The other aspect of the rhythm is that it is written in 2/4. Most gathas are probably written in 4/4 or sometimes 3/4. “Obon, Obon, It’s Festival Day” sounds like it’s in 4/4, but when I count it, I find that it feels like a couple of measures of 6/4, which is part of the mysterious feeling of this song. The first time I feel this is actually at the very beginning! Another way to think of it is that “Day,” at the end of the phrase “Obon, Obon, It’s Festival Day,” gets two extra beats. It happens again right before it switches to the major tonality, like in “And bring fruits and vegetables for the shrine.” Actually, it happens at the end too, after which “Obon, Obon, It’s Festival Day” is usually repeated. However, this is where I rearranged the song – I took out the “Obon, Obon, It’s Festival Day” at the end and just jump right in to the beginning of the next verse. I also took out the last two beats so that we come back to the next verse after a measure of 4/4 – now it seems maybe a little rushed, but at the time I thought it felt more natural. It might sound weird if you are used to singing it the way it was originally written – I would love to hear from you if it does!
The drums were recorded almost ten years ago at my friend Damon Burke’s studio, Oxbow Studios in Marlborough, Massachusetts. You may know that I spent a fair portion of my life in Massachusetts (or should I say “Mass.”?), and one of my best friends and one of the best drummers I know, Greg DeGuglielmo has lived there for a long time, so whenever I go back I am fortunate to 1) get to play with him and 2) get to record it! I knew I wanted to rework this gatha, so at one point I took advantage of the opportunity, planning to just keep the drums and redo everything else. And this year’s video Obon Service seemed like the perfect opportunity. I pulled my trusty Rickenbacker 4003S/8 bass out of its case and set out to realize my vision. It didn’t necessarily go the way I intended – I used to play it more chordally, but this time around I went with just playing a single-note line. The bass I used is an 8-string – unlike the usual 4 strings of a bass, on this one each string is accompanied by an extra string tuned an octave higher, kind of like on a 12-string guitar. I used my Budda Phatman tube distortion pedal – I didn’t think about it at the time, but it’s oddly appropriate, even if the company Budda did mess up the spelling. I tried to add some Moog synth to it also, but couldn’t get it to work; I may revisit this idea in the future.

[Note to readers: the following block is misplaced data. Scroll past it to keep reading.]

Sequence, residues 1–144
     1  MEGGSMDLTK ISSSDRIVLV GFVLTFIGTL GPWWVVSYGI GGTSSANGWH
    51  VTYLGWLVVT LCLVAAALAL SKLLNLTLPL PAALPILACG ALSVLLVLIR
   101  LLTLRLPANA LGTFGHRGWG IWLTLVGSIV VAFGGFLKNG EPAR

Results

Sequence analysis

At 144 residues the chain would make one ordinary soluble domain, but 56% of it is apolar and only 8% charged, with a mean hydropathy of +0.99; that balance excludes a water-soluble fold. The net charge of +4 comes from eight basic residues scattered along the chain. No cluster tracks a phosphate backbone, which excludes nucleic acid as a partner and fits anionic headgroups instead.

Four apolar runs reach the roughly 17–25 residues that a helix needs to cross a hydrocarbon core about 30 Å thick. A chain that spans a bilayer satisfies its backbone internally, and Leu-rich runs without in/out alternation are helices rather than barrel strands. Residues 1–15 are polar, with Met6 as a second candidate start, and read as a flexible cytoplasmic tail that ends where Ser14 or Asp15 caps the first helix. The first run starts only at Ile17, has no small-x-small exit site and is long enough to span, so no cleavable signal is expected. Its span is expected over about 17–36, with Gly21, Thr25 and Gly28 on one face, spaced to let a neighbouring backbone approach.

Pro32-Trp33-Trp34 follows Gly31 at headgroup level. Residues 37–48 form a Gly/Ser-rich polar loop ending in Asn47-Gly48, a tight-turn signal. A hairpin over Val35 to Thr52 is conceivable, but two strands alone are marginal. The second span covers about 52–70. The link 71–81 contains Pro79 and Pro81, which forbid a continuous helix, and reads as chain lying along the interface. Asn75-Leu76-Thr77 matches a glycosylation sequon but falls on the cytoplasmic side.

I also doubletracked my voice. That seemed to work on the last gatha I reworked, “In Lumbini’s Garden” for Hanamatsuri this past April. I don’t have a great voice and it sounds kind of thin by itself, but singing the melody two times (well, multiple times but ultimately using two takes) thickens it up a little bit, plus you get the little idiosyncrasies when I sang it slightly differently. Those times could be looked at as mistakes, but I kind of like it! I remember as a kid in 7th grade listening voraciously to the Beatles, you can hear that they often doubletracked their voices (they later build an “automatic doubletracking machine” so they didn’t have to do it manually!), and sometimes they would leave in things that sounded like “mistakes” to me. But I grew to love those instances. I would wonder if they just didn’t have time to fix them (recording was much more “primitive” at the time), or left them in on purpose? I left mine in because I didn’t have time to perfect it!
I also made a video for the song with pictures from past Buddhist Church of Oakland Obon Festivals, and it also includes the lyrics in the hilarious “Star Wars” style.
* “Gathas” are a kind of neologism for Buddhist “hymns.” The word comes from Sanskrit, pronounced more like “gata” but English-speaking people always pronounce the “th” sound like in “this.”